Wednesday, January 20, 2010
Tikanga can be described as general guidelines for daily life and interaction in Māori culture. It is commonly based on experience and learning that has been handed down through the generations. Logic and common sense are key words that come quickly to mind. Tikanga for particular aspects of the Tira Hoe Waka comes from traditional approaches amongst hapu in -Ati-Hau-Nui-A-Paparangi. In some respects the Tira Hoe Waka is probably developing some of its own traditions as it builds its own history. There is certainly an element of ‘this is how we do it on the Tira Hoe Waka’ that makes the journey a spiritual one.
Tikanga was shared and practised during the Tira Hoe Waka in so many of the routine activities necessary for 130 or so people to live and work together successfully. Some of that was done formally through korero about respecting and caring for the awa, the ngahere and and the wider environment.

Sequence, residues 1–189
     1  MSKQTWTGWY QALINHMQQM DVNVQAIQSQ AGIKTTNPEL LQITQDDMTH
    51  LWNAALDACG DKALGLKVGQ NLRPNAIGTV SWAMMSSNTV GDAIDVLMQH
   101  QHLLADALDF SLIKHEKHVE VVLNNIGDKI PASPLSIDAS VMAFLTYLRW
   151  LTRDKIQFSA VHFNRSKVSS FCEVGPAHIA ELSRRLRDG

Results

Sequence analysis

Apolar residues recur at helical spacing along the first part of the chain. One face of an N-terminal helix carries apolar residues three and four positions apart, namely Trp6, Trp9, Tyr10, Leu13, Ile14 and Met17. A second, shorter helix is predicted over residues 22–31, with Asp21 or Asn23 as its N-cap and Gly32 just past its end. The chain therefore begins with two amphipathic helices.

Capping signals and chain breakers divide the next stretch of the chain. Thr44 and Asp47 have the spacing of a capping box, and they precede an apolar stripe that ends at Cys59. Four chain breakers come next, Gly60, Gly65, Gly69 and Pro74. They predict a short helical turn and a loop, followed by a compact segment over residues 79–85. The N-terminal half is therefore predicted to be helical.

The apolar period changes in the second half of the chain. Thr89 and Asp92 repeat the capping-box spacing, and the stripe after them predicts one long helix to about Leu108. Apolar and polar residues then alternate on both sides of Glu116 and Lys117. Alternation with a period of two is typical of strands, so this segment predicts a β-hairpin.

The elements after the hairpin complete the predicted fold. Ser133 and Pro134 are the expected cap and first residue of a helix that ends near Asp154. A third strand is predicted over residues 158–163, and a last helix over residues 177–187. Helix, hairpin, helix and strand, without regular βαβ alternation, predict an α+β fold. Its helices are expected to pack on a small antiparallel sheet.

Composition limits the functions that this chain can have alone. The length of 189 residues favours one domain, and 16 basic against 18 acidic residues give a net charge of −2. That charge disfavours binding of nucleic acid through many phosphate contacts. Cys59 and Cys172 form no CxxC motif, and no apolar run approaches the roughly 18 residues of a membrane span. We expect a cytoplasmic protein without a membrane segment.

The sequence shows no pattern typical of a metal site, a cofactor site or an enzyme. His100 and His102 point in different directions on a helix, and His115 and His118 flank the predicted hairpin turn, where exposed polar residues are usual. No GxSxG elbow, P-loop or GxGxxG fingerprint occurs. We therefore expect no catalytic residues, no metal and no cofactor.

Whenever the Tira Hoe Waka approached marae traditional approaches to marae etiquette was observed.
Teamwork and supporting others were other aspects of tikanga that were reinforced on a daily basis and included principles of tuakana and teina as well as respect for a hierarchy based on the on age and experience.
Roles and responsibilities were also things everyone was reminded about ranging from the paepae to the kitchen.